What is Entrapment? Everything You Need To Know

Entrapment is a legal term that refers to the act of law enforcement officials inducing or persuading an individual to commit a crime that they would not have committed otherwise.

The practice of entrapment is discouraged in many jurisdictions and is available as a defense against criminal liability.

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In this article, we will explore the concept of entrapment in detail.READ MORE:What Is Mistaken Identity? Strategies for Proving Innocence

What is Entrapment?

Entrapment is the act of a law enforcement official luring a person into committing a crime, so that the person can be prosecuted.

It is the conception and planning of an offense by an officer or agent, and the procurement of its commission by one who would not have perpetrated it except for the trickery, persuasion, or fraud of the officer or state agent.

The act of entrapment involves two main parties: the entrapping party and the party that the entrapping party intends to entrap.

We call the first the ‘‘agent’’ and the second the ‘‘target’’.

Examples of Entrapment

Entrapment can take many forms.

For instance, a law enforcement official may induce someone not normally disposed to commit a crime to engage in a criminal act.

In such cases, the defense of entrapment may be available if the accused person can show that a law enforcement.

For example, if Amelia’s friend, Stephanie, talks her into taking a bag of marijuana to the park for Robert, who will pay her $40. Amelia is to return the money to Stephanie.

Someone learns of Amelia’s intention to sell drugs to Robert in Stephanie’s place, and informs the police.

At the park, a police officer, claiming to be Robert, exchanges $40 for the bag of drugs in Amelia’s possession.

In this example, entrapment did not occur, as Amelia was not talked into selling drugs by the police officer, he merely intercepted the sale.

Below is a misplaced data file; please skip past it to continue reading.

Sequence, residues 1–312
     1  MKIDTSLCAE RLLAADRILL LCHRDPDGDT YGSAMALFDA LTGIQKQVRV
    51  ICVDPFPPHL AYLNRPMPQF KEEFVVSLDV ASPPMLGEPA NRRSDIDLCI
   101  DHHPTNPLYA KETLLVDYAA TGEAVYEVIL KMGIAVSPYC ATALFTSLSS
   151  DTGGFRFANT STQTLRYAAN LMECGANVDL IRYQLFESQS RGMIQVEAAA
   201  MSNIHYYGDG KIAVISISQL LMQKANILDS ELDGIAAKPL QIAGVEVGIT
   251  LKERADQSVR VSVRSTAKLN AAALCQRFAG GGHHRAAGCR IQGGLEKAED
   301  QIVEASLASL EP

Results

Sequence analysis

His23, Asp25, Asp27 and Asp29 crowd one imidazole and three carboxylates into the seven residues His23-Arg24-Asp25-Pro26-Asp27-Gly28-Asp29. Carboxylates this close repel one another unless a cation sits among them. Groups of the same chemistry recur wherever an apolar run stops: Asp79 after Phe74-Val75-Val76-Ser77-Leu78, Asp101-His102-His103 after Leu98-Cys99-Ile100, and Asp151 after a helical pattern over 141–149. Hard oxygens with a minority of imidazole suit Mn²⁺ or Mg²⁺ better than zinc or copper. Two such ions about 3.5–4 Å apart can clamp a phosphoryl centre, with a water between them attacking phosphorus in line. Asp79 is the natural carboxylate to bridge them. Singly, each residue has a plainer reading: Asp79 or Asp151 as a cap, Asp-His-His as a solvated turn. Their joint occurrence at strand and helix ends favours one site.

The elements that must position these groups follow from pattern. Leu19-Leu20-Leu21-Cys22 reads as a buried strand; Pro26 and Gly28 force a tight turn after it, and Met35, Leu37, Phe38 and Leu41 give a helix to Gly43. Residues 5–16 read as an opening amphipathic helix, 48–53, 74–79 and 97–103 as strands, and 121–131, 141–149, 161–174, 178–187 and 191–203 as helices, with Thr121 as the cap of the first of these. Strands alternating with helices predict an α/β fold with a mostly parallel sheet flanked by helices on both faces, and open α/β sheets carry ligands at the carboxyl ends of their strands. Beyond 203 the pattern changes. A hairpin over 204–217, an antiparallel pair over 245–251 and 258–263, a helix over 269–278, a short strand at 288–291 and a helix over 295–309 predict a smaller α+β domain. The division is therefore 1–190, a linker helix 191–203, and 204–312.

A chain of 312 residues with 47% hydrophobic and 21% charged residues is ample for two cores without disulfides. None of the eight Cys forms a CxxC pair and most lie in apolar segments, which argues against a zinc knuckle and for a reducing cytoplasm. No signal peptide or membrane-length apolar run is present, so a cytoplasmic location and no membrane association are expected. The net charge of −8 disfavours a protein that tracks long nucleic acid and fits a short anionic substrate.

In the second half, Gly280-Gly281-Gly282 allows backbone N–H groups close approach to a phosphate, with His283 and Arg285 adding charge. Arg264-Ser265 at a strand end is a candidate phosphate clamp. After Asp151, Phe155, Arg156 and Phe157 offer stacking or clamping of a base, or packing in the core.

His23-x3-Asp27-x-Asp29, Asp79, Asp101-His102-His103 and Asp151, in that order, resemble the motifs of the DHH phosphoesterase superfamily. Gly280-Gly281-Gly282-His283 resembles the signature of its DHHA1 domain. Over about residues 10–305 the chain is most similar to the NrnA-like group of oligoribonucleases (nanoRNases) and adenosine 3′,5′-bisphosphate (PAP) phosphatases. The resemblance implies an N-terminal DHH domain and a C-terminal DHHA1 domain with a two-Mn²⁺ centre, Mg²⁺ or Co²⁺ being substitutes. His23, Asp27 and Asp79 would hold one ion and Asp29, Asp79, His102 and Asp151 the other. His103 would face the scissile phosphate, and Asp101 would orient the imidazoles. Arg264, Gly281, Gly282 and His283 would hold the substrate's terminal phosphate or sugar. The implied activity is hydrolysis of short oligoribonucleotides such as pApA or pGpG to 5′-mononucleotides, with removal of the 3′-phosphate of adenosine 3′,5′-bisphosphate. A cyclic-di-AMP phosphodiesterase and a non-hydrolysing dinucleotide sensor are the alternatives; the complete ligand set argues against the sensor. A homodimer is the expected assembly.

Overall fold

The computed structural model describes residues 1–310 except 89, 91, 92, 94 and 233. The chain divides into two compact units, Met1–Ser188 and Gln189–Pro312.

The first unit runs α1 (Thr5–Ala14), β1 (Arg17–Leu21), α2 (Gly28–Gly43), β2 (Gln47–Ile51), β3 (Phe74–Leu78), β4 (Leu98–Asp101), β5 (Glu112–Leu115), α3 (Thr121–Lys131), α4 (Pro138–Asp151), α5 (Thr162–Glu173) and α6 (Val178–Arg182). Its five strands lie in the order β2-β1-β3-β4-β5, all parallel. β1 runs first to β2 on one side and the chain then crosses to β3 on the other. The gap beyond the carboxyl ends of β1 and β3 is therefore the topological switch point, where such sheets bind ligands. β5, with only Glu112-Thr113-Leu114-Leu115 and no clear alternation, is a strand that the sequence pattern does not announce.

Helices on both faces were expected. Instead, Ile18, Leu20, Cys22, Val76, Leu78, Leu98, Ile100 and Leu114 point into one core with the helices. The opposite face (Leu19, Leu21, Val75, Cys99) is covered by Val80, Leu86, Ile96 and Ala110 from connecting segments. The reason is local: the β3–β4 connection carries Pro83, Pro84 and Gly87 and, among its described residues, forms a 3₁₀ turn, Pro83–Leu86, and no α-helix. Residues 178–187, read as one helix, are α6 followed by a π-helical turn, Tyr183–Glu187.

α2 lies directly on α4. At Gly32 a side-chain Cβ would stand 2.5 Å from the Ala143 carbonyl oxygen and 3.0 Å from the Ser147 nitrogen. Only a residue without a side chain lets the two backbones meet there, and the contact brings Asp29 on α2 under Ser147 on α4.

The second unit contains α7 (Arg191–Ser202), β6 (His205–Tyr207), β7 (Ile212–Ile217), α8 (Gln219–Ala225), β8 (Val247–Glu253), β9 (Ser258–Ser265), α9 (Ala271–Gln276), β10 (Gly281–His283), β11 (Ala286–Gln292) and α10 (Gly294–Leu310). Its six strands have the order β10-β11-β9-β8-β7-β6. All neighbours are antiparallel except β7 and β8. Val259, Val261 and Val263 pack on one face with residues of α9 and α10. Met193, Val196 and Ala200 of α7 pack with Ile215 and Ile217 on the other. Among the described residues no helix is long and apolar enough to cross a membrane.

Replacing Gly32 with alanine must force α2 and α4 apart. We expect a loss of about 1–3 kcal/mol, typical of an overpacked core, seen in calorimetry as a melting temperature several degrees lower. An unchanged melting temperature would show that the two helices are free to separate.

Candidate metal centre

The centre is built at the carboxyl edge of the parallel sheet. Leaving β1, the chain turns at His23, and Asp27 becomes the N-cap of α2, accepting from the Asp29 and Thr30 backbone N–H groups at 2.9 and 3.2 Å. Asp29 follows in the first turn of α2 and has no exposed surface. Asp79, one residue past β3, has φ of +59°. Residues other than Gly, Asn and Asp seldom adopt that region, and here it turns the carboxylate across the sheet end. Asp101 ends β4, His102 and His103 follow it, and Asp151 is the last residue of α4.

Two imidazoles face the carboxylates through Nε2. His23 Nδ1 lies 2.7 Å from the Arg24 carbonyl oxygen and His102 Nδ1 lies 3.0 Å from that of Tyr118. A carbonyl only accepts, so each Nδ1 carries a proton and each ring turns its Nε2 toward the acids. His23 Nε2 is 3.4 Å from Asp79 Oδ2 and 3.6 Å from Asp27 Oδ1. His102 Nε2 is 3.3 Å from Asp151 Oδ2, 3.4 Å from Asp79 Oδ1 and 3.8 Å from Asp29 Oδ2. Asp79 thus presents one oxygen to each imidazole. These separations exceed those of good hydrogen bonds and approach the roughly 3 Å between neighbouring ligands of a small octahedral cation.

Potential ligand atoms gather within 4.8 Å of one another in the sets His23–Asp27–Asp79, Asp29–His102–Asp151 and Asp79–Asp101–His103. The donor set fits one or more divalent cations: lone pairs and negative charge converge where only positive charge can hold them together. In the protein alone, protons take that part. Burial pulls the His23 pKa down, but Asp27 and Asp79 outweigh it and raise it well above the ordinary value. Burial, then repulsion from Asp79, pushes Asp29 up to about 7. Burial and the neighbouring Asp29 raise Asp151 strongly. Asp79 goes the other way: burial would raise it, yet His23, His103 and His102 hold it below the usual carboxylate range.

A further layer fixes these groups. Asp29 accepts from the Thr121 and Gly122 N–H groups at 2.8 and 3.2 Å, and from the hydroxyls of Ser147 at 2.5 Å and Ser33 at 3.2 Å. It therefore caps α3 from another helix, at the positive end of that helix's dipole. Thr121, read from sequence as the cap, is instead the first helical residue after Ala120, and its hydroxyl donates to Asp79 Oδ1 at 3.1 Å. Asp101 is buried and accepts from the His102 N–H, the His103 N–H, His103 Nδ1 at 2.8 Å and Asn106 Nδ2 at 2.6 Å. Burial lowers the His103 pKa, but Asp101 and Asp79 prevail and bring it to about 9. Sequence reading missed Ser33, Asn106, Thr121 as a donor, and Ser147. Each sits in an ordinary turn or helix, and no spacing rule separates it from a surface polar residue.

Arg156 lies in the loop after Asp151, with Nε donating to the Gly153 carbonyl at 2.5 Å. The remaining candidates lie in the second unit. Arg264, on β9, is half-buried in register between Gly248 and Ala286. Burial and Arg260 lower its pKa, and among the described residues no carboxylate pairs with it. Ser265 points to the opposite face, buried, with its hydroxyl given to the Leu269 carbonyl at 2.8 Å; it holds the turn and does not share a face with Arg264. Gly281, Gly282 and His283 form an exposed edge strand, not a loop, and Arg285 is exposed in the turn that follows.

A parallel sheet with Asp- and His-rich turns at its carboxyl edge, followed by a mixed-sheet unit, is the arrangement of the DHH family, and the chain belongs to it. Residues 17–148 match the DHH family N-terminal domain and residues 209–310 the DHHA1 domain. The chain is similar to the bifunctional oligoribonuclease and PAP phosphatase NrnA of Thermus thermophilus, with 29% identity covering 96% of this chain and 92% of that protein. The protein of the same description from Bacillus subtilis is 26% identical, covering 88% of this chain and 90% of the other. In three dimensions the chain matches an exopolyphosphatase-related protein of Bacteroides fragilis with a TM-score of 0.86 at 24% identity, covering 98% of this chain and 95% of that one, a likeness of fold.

The Principle of Entrapment

The principle of entrapment has been developed over the years through case law, rather than through legislation.

The courts have developed two different tests to determine whether entrapment has taken place in any given case.

The subjective test requires that a law enforcement official created the intent to engage in the illegal act in the mind of the defendant, and that the defendant was not inclined to commit the crime, or to commit crimes of the same type, before being lured into it by the police officer.

This test is considered subjective because it depends on what actually persuaded the defendant to commit the crime.

The objective test considers the law enforcement official’s conduct.

What is the difference between entrapment and coercion?

Entrapment and coercion are two different concepts in the legal system.

Entrapment is when a law enforcement official induces an individual to commit a crime that they would not have committed.

Coercion, on the other hand, is when someone is forced to do something against their will.

For example, if a police officer convinces someone to sell drugs to an undercover agent, that would be considered entrapment.

If someone is threatened with violence unless they commit a crime, that would be considered coercion.

In summary, entrapment involves the inducement of someone to commit a crime by a law enforcement official.

While coercion involves the use of force or threats to make someone commit a crime.

Conclusion

Entrapment is a concept that involves the act of law enforcement officials inducing an individual to commit a crime.

The practice of entrapment is discouraged in many jurisdictions and is available as a defense against criminal liability.

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